Scott Luce is expected to predict the future.
Easy, right? All he has to do is watch a 17-year-old kid play junior hockey, predict how much he’ll grow physically and mentally over the next five years, and then decide whether he has a future in the National Hockey League.
“There’s so much that goes into this,” said Luce, the Panthers’ director of scouting and the man who will help lead the Panthers at the NHL Entry Draft June 22 in Columbus, Ohio.
“The most difficult part is projecting what a player is going to be like at 22 when he’s more filled out and mature.”
It’s no easy task. Consider Alexandre Daigle being drafted No. 1 overall in the 1993 draft ahead of Chris Pronger, Paul Kariya, Jason Arnott and Chris Gratton. Future Hall of Famer Joe Nieuwendyk was the 27th overall pick in the ’85 draft and Chris Chelios, still going strong at 45 for the Red Wings, was the 40th pick in 1981.
“It’s not like the NFL or NBA drafts,” said Luce, who has helped the Panthers select Stephen Weiss
, Nathan Horton and Rostislav Olesz at previous drafts. “What you’re drafting in those leagues is what you're getting. In the NHL, what you’re drafting is not necessarily what you’re getting four or five years down the road.”
In an effort to select a future star – and those in this year’s draft could include forwards Patrick Kane, Kyle Turris or Alexei Cherepanov or defenseman Karl Alzner - Luce and his staff spend endless hours on the road driving to arenas from Kamloops to Kladno watching players, interviewing coaches and taking notes.
“Our first round pick, we’ll see collectively as a staff between 30 and 40 times,” Luce said. “I’ll see the high-end picks six to eight times. We’ll see them in different circumstances, too, and at different levels of play.”
Luce said the Panther staff identifies ‘prospects of interest’ in November during the team’s regional meetings and begins interviewing them and checking their character references.
“We’ll talk to them three or four times each, and that includes a lengthy interview at the NHL Combine,” Luce said. “Then, the Tuesday or Wednesday before the draft, we may talk to a prospect one more time...we’ll sort of kick the tire one more time. We’re still cultivating information the day before the draft.”
Panther coach Jacques Martin says the team is putting more emphasis on researching the character of players at the draft and also those becoming unrestricted free agents. The added emphasis will include hiring additional scouts.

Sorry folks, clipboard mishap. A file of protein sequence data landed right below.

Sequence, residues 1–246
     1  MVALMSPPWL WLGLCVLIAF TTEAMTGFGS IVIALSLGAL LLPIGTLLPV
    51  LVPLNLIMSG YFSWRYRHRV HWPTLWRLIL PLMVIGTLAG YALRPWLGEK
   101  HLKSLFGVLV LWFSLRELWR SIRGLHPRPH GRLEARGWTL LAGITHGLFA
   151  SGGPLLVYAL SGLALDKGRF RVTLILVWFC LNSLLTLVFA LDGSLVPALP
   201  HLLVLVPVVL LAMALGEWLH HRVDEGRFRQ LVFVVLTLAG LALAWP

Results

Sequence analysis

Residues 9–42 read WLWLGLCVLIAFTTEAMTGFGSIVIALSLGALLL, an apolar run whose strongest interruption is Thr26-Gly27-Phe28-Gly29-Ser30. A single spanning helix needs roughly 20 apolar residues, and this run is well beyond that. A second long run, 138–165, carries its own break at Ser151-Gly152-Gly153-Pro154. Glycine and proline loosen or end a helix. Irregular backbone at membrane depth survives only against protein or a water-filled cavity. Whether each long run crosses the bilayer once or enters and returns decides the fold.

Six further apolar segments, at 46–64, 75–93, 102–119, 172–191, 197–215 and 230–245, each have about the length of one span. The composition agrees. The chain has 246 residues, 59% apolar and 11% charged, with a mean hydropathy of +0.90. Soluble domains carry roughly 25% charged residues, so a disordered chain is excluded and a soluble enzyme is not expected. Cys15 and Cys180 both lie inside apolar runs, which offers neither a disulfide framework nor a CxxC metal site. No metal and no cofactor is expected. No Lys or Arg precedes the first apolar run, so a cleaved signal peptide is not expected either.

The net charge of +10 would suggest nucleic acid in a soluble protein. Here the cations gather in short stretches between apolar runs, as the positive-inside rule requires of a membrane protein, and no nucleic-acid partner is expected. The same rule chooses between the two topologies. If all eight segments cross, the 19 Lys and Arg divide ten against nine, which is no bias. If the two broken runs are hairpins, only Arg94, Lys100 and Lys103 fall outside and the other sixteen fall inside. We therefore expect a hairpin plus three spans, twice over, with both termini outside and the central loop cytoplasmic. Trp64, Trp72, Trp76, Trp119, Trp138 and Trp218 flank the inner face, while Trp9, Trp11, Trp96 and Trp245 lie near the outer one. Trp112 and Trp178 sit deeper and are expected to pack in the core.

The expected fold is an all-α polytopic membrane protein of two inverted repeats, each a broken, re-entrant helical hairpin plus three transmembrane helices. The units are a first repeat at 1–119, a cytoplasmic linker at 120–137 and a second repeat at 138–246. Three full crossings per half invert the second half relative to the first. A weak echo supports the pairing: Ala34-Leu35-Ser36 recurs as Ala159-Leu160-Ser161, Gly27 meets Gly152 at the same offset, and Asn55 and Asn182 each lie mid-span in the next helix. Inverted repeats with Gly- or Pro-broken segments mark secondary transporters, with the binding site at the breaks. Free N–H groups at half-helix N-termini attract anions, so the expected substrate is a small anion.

“Character and attitude becomes an important ingredient,” Martin said. “An athlete has a skill set when he’s drafted but sometimes he doesn’t understand that only opens the door for him. Talking with coaches and educators is critical. It’s not only in amateur scouting but in pro scouting.
“You make a mistake on a free agent signing and it’s costly. Sometimes you’re signing free agents to three or four year deals for $12 million. That’s why we’re going to spend more money on scouts to do a better job all around.”
Making the right selections come draft day can turn any team into a Stanley Cup contender. The Sabres went into the Eastern Conference Finals with 13 of their players having come through the draft. Their opponents, Stanley Cup finalists the Senators, selected 12 of their players in the draft.
Over the past nine years, Sidney Crosby, Alex Ovechkin, Evgeni Malkin, Vincent Lecavalier, Eric and Jordan Staal and Ilya Kovalchuk have all been selected first or second in the draft. The Panthers have added to their lineup by selecting at recent drafts Stephen Weiss
, Rostislav Olesz, Nathan Horton, Jay Bouwmeester, David Booth and Gregory Campbell.
Luce is one of many draft experts who don’t see a consensus top pick in this year’s draft. E.J. McGuire, head of the NHL’s Central Scouting Bureau, said, “This year’s draft is very even at the top with no clear-cut number one.”
Said Luce: “There’s four players who could go first overall. There’s not a lot of separation at the high end. And after the first round I think it will become a little scattered, with people going off the board earlier and focusing on priorities.”
Central Scouting, which provides scouting and evaluation of draft eligible players, ranked the top 210 skaters and 30 goaltenders in North America and top 175 skaters and 16 goalies from Europe. Turris, a 6-1, 170-pound center, became the first Canadian Provincial Junior Hockey player to be ranked No. 1 by Central Scouting. Cherepanov, who won a gold medal at the Under-18 World Championships with Russia, as its top-ranked European player.